cneal

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Here's a photo of the "Carriage Walk Apartments" in Scarborough Downs (built last year). Look familiar?

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nomc

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Good architecture becomes the framework for improving the quality of experience for the inhabitants.
Agreed. I drove through the Carriage Walk Apartments a few months ago and was immediately depressed. Good design - not just in architecture - improves the experience of the community.
 

Tom Nevers

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This looks like dormitories or military housing. Can't an arch firm put in some effort into looking at how the Scandinavians do this idea? And city planning departments are even worse. We know why it gets built. Developers don't want to spend any additional money or time, so this is what you get. It will become low cost neglected housing for the next generation.
It’s funny you mention dormitories and a Scandinavian aesthetic. I rather like the new dorms at Bowdoin and think they have a sort of Nordic vibe.
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Tom Nevers

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The U.S. in general has fallen so far behind many other parts of the world in many areas....including architecture and sustainable living.....it's embarrassing. We're all too busy fighting each other on social media to be bothered with real world important stuff.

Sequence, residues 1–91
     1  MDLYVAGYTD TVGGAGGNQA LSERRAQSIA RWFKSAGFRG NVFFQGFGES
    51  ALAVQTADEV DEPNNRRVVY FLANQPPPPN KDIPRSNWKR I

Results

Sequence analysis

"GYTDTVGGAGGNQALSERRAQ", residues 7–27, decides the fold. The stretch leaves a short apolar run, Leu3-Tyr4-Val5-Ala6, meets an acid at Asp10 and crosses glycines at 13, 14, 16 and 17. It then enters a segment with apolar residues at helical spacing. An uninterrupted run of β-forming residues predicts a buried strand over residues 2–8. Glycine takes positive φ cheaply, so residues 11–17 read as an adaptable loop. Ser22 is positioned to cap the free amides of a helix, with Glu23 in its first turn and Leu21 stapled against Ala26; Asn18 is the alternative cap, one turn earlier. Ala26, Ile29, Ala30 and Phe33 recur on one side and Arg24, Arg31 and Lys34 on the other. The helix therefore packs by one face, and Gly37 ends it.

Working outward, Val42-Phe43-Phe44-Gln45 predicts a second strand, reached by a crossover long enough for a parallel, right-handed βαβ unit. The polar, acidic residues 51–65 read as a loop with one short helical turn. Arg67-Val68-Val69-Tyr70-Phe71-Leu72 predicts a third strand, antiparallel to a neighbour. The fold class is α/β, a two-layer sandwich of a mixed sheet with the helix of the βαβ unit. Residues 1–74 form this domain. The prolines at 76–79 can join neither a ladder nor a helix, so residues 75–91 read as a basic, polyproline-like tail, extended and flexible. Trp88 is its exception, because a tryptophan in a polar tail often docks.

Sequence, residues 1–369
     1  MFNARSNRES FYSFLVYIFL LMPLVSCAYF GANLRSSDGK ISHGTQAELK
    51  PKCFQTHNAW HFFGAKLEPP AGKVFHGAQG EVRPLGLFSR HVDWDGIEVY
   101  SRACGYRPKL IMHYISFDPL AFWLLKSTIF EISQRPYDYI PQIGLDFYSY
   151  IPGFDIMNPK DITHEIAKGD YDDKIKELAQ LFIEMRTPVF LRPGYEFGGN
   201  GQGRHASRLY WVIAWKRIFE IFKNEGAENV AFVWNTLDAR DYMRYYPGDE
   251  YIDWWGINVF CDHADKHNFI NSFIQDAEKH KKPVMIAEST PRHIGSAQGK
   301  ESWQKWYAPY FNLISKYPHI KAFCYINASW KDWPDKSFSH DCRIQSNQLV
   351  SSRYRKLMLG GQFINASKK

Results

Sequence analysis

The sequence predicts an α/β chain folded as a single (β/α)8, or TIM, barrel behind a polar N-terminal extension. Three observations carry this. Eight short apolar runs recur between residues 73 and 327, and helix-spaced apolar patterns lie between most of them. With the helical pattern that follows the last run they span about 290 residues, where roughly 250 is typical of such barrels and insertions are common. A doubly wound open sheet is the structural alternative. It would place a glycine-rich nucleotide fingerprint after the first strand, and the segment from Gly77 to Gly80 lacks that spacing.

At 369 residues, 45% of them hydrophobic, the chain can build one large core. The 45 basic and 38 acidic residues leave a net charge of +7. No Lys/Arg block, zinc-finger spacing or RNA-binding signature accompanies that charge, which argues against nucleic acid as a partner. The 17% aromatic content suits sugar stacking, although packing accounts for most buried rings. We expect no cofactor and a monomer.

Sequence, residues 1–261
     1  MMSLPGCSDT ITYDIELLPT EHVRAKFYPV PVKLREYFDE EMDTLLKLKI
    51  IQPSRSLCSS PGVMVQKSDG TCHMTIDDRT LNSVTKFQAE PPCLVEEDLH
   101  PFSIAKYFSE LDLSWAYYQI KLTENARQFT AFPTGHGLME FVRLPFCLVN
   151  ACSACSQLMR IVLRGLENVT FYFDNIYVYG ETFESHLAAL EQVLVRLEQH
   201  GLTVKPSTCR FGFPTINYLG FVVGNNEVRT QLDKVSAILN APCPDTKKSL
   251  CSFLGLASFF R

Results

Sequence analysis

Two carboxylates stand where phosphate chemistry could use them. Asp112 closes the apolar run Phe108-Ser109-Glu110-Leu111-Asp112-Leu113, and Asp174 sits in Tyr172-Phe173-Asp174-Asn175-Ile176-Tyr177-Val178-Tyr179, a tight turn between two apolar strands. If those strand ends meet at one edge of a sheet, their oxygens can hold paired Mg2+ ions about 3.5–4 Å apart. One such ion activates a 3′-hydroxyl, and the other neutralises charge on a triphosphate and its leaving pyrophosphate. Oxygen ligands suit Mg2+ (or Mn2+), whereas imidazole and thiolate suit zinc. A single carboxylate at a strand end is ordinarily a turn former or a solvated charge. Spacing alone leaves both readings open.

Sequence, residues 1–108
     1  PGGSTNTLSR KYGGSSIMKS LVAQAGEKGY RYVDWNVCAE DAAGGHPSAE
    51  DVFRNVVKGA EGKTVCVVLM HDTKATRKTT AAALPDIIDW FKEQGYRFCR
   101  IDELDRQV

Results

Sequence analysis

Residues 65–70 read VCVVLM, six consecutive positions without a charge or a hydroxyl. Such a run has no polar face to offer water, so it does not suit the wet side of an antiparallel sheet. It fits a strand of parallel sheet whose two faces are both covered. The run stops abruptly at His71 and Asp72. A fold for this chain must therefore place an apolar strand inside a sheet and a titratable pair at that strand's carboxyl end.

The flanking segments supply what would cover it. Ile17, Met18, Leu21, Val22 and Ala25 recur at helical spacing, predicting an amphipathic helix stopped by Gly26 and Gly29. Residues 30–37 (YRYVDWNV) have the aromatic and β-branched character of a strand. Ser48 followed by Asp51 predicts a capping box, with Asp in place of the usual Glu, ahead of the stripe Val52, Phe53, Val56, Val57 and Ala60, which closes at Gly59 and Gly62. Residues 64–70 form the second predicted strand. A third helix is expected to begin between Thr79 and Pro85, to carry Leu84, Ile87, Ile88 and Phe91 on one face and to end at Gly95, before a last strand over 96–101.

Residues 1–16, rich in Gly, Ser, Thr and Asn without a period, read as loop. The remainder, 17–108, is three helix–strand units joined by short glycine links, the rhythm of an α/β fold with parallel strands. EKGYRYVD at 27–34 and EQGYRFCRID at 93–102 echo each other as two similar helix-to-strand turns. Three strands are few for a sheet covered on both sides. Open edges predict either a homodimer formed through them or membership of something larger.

Not disagreeing with your assertion about architecture and sustainable living and the design- both the architecture and placement on the lot- is lacking but from a sustainability perspective, these units do allow for mostly car free living. It’s an easy walk to Shaw’s and a new Hannaford is under construction that is even closer. Residents are a couple blocks from UMA Brunswick and the SMCC Midcoast campus. Over 2000 jobs are located on Brunswick Landing that can be easily accessed from these rather bland apartments. Also, there are cyclist and pedestrian only trails on the base along with bike lanes. The bus route is currently being reviewed and, I believe, will be providing enhanced service to the Landing.

Obviously, there is more to sustainability than ditching your car but transportation is the largest single source of greenhouse gases in the USA.

The conversation here reminds me of a theme from Dostoevsky’s novel Demons. As stated by a character in that book, “he loudly and firmly proclaimed that boots are lower than Pushkin,” and while we’d all prefer a happy merging of form and function, when you don’t have boots, or in this case safe, affordable housing, what’s the value of an unobtainable home designed by Gaudi?

All things considered, these aren’t great, they could have been a lot better, but they provide needed new housing in Brunswick and Maine. Also of note, these buildings are being constructed on land that two single family homes were previously on. I’d call this an improvement.
 
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Cosakita18